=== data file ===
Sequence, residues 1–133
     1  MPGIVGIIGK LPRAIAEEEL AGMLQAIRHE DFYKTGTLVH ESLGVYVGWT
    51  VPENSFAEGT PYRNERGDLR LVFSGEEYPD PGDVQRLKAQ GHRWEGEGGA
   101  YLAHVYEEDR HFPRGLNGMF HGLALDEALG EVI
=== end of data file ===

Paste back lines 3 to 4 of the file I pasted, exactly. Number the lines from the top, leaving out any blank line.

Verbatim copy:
    51  VPENSFAEGT PYRNERGDLR LVFSGEEYPD PGDVQRLKAQ GHRWEGEGGA
   101  YLAHVYEEDR HFPRGLNGMF HGLALDEALG EVI